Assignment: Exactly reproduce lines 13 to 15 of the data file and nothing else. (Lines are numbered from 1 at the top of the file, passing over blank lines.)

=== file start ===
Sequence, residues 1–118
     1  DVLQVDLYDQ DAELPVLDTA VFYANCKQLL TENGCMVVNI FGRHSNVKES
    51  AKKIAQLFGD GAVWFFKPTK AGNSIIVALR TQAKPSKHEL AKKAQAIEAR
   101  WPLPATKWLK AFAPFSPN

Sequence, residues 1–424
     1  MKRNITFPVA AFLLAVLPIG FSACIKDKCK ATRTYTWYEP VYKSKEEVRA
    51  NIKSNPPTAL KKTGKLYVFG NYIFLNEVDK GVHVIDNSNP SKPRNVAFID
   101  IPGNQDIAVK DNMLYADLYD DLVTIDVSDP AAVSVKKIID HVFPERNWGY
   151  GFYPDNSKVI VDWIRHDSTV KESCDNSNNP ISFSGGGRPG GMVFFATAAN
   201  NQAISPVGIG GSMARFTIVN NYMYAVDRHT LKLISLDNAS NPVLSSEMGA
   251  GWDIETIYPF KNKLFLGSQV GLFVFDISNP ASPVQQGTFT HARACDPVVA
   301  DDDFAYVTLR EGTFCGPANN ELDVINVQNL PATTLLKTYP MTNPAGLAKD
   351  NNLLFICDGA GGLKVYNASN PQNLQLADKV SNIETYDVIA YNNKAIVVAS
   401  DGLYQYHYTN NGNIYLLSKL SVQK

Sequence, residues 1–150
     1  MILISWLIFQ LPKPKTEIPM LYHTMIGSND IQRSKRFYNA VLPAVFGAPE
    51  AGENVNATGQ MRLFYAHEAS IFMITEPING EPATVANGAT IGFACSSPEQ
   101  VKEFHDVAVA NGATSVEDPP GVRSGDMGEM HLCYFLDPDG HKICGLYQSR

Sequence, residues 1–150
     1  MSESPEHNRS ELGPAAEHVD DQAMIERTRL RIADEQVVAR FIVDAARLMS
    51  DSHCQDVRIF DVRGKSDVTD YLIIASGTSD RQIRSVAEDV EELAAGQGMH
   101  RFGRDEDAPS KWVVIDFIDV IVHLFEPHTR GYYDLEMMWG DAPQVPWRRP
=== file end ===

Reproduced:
   351  NNLLFICDGA GGLKVYNASN PQNLQLADKV SNIETYDVIA YNNKAIVVAS
   401  DGLYQYHYTN NGNIYLLSKL SVQK

Sequence, residues 1–150